Continued from page 1

PATUXENT RIVER: 25-60 miles – Perch are moving steadily into deeper layers of water around river points where they’ll pick up bloodworm or crab baits. Rockfish are all over the mouth and up into the river, occasionally as far up as the Benedict bridge.

OCCOQUAN RESERVOIR: 33 miles — Get a pail of 2-inch minnows, some bobbers, No. 1 snelled hooks, rig up properly, then cast the little baitfish around obstacles, sunken wood, waterlogged branches on any portion of the lake and chances are you’ll hook enough crappies for supper, or a bass. Jerkbaits, spinnerbaits and scented grubs or tubes also do the job on the largemouths.

BURKE LAKE: 31 MILES — It’s time for late-season bass and the annual autumn schooling of crappies that like small minnows or 1/16-ounce jigs or grubs in white or chartreuse. Crankbaits are productive if it’s bass you’re after.


UPPER POTOMAC RIVER: 35-100 miles – From Washington County dowstream to Montgomery County, the fishing will be fine this weekend. Smallmouth bass like tubes, grubs, little crankbaits and spinners of all types. Many of the fish will be hooked in mid-river rock beds. Upper river’s Dam No. 4, above Taylor’s Landing in Washington County, ought to give up some walleyes, maybe even a muskie. My friend Kevin Wilson will be up there this weekend and he said he’s determined to catch a muskellunge.

DEEP CREEK LAKE: 179 miles – Be sure you wear your warmest woolies and even think about bringing a pair of snowshoes. The weather up here can change on a dime and there was a lot of snow earlier this week. Either way, the walleyes, pike and bass are available to minnow drifters and lure casters. Big yellow perch are in the coves; they like minnows or worm baits.

SUSQUEHANNA RIVER: 65-100 miles – Most of the action is found just past the Conowingo Dam, among rocks and occasionally swift, then slow, water (it all depends on scheduled water releases through the dam), but bass, catfish and a roving striper here and there are possible. I haven’t heard one word about decent bass catches down around Havre de Grace and the outside portions where the river meets the Chesapeake Bay.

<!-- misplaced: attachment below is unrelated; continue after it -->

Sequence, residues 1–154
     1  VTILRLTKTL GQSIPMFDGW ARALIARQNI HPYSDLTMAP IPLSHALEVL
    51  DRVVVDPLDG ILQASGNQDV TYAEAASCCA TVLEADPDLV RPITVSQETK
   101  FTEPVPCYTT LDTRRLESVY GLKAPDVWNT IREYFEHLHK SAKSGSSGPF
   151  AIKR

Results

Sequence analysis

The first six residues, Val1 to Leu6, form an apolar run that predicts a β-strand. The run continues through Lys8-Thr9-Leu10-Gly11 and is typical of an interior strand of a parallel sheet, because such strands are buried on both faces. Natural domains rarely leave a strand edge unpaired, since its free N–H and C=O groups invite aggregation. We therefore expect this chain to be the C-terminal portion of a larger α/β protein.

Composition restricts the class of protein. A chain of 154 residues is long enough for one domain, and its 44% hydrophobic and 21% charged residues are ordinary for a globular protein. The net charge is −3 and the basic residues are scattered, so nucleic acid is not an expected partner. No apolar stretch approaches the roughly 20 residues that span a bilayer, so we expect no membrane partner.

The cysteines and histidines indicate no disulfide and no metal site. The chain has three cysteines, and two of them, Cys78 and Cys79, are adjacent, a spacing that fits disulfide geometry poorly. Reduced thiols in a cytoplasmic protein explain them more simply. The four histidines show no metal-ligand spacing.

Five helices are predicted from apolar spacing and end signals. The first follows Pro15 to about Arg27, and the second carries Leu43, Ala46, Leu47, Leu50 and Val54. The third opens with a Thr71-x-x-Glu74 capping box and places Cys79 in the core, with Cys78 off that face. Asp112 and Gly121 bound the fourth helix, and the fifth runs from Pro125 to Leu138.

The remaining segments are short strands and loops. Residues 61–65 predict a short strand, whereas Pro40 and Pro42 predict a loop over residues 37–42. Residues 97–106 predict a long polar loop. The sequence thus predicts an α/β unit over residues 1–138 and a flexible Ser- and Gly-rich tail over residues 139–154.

MARYLAND: 45-75 miles – The Bay Bridges’ rock-laden abutments (east of Annapolis) are holding white perch in over 20 feet of water, but always fish your lures or baits close to the rocks. In the middle portions of the Bay, all the boaters are out chasing rockfish and the rockfish are often seen chasing bait. Surface eruptions occur from Eastern Bay to the Choptank River. A lot of success has been had through vertical jigging with metal lures such as the Swedish Pimple, Kastmaster and Hopkins metal squid. Soft-bodied jigging lures also produce. A few bluefish are still available and the same lures used on the stripers do well on the blues, although trolled Sassy Shads and bucktails normally are better on the blues. In lower Maryland bay waters, the Middle Grounds, Buoy 72 and areas close to the Virginia line offer lots of rockfish action, with expectations of large ocean stripers running high. Buzz’s Marina on St. Jerome’s Creek in St. Mary’s County reported seeing one striper that was brought in and its gill rakers showed some sea lice — usually a sign of it being on ocean rockfish.

VIRGINIA: 75-150 miles – In the waters of the Northern Neck, you’ll troll up a few slowly departing bluefish and enough rockfish to put a smile on your face. Speckled sea trout are the main fare as you head toward the lower ends of the Chesapeake. The fishing dentist, Dr. Julie Ball ( says that sea trout are available in many lower Bay shallows, rivers or inlets. “Anglers are catching dozens of trout, with several citation-sized fish making the mark,” she said. The biggest trout have been coming from the Elizabeth River where “specks” have been caught in the 7-pound-plus range. Ball also pointed out that speckled trout, puppy drum and small stripers are delighting surf anglers of lower Bay shorelines. As the water chills down ever more, the rockfish bite will increase every day. Currently, some of the better fishermen connect on stripers throughout the lower Bay. “School-sized fish are hitting jigs and plugs in the light lines along the Monitor-Merrimac Bridge Tunnel, the Hampton Roads Bridge Tunnel, and the Chesapeake Bay Bridge-Tunnel,” said Ball. Large tautogs are taken around the Bay Bridge-Tunnel, but the flounder fishing in the same waters has been spotty.


CHOPTANK RIVER: 120 miles – Shallow waters continue to offer rockfish and some speckled sea trout, but most of the action has been in the mouth, not upriver. The lower Choptank last week turned up a 20-inch speckled trout, which is great anywhere in the Bay.

POCOMOKE RIVER: 140-170 miles — Poor weather early this week put a screeching halt to the fishing. I imagine you could find a bass now and then downstream of Snow Hill.

NANTICOKE RIVER: 120 miles – Forget the bass. The fishing has been awful in the upper river parts, but again this week, rockfish and some sea trout are found in and near the mouth.


Story Continues →